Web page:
1. I was born in an inner-city slum which was bulldozed when I was 3. Where we moved to everyone was like us - poor working class, large families. Don't get me wrong, we were loved and fed but it was definitely hard for our parents. So although through education we (my brothers and sisters and I) made it out of poverty (thanks to free higher education in the UK at the time), I think "counting pennies" rubbed off on all of us. When I moved to Switzerland to work I earned "a fortune" by our standards but I still watch what I spend. More to the point I don't like waste, so like you I wash ziplocs, I take my breakfast and lunch to work and so on. I do budget for travel because that is what makes it all worthwhile, but my biggest goal right now is to get my mortgage paid off. I bought the ex out of the house when we divorced and I am on track to pay off a 17 year mortgage in 7 years (so that I can then retire). My ex was the spendthrift and though he makes the same money as me he is up to his eyeballs in debt. I know which I prefer. Well done to you though - rather send money on experiences. Anna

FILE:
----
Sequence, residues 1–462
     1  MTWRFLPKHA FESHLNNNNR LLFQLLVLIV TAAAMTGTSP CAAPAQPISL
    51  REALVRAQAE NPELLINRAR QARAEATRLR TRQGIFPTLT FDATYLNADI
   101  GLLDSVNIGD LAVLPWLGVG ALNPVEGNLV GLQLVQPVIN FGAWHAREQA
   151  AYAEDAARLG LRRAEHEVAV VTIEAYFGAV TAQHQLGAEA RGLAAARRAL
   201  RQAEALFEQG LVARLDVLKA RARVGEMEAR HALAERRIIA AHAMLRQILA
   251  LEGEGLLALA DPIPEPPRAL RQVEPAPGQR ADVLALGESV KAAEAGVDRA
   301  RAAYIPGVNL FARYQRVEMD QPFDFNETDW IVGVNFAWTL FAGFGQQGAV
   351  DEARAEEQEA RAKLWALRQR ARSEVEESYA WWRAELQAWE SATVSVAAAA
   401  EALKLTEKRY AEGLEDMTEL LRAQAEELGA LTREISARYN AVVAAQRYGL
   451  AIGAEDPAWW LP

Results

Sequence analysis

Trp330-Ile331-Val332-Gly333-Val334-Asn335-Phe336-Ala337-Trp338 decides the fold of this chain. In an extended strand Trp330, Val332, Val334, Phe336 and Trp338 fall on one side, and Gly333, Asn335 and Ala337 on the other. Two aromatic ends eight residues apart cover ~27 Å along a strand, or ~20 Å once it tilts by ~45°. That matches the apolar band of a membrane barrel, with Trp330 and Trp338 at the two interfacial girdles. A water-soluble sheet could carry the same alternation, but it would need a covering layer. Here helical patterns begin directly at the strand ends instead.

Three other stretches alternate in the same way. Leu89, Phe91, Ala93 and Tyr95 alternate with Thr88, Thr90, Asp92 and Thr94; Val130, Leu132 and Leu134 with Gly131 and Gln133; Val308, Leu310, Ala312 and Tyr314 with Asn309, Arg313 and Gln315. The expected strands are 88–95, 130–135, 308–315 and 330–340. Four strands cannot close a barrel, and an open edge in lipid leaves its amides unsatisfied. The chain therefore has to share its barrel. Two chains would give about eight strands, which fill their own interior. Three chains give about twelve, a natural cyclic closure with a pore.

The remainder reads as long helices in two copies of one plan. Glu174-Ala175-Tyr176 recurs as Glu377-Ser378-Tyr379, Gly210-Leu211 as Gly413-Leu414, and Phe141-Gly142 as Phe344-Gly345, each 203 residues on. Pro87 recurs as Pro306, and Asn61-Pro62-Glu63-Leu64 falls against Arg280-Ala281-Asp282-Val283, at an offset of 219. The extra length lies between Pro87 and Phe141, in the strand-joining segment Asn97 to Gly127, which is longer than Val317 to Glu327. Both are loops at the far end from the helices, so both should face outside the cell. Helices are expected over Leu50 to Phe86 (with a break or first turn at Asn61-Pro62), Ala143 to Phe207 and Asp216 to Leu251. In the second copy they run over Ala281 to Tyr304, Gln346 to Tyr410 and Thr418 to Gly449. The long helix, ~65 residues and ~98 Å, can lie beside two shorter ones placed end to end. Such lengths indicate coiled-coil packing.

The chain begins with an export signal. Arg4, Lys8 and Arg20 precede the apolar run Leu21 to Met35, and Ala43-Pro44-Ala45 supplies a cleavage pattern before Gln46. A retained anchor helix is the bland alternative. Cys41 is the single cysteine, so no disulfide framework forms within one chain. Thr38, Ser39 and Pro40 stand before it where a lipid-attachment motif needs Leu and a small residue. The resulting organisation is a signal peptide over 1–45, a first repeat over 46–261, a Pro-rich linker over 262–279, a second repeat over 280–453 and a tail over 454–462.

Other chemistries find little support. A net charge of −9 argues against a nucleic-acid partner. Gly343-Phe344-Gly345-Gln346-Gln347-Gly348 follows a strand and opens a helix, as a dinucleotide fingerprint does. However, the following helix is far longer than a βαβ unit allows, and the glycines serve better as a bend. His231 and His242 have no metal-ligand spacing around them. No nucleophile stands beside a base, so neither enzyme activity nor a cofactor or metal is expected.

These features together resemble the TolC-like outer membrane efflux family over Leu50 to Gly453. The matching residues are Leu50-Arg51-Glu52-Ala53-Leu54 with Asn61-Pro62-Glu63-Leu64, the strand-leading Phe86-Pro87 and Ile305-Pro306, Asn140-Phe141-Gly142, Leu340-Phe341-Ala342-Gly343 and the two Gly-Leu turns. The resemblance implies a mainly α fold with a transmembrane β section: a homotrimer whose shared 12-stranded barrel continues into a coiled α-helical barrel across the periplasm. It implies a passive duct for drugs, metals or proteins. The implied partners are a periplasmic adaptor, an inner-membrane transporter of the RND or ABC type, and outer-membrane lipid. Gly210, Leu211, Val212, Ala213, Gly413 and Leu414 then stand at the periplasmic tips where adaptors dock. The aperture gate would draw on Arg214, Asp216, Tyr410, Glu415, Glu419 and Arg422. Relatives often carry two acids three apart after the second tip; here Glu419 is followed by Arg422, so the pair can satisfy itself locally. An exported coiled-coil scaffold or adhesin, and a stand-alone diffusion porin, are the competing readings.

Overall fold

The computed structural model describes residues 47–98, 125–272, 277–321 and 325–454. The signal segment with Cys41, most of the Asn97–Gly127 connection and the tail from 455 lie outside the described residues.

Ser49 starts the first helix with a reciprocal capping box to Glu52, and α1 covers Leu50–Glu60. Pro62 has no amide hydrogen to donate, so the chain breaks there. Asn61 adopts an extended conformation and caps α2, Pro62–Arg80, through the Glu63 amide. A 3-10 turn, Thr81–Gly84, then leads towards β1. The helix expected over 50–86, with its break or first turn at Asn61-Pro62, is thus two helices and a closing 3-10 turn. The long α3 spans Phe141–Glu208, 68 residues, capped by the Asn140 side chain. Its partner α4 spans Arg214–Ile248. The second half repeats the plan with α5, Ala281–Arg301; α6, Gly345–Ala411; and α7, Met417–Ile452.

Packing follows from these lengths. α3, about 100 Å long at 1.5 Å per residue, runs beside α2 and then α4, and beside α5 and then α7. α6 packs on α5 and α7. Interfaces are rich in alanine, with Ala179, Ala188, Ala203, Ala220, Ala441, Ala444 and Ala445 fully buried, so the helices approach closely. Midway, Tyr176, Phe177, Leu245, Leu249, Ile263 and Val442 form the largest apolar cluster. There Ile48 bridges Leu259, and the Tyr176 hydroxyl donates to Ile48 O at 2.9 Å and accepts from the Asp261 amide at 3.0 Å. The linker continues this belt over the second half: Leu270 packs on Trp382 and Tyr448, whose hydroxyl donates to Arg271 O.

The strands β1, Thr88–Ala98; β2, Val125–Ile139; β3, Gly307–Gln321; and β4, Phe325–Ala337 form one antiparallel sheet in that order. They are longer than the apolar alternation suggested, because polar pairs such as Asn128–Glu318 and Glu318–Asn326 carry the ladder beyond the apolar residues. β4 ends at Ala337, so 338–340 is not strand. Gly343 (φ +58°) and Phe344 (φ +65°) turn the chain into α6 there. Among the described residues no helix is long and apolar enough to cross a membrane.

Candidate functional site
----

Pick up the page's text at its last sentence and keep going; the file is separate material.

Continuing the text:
1. We grew up not in poverty exactly, but with no spare funds and more often more month than money. My kids have never went without needs and have many wants, but I hope they also have seen that is because of our budgeting and priorities for using money. Good luck on your mortgage efforts-it was a happy day when we paid it off.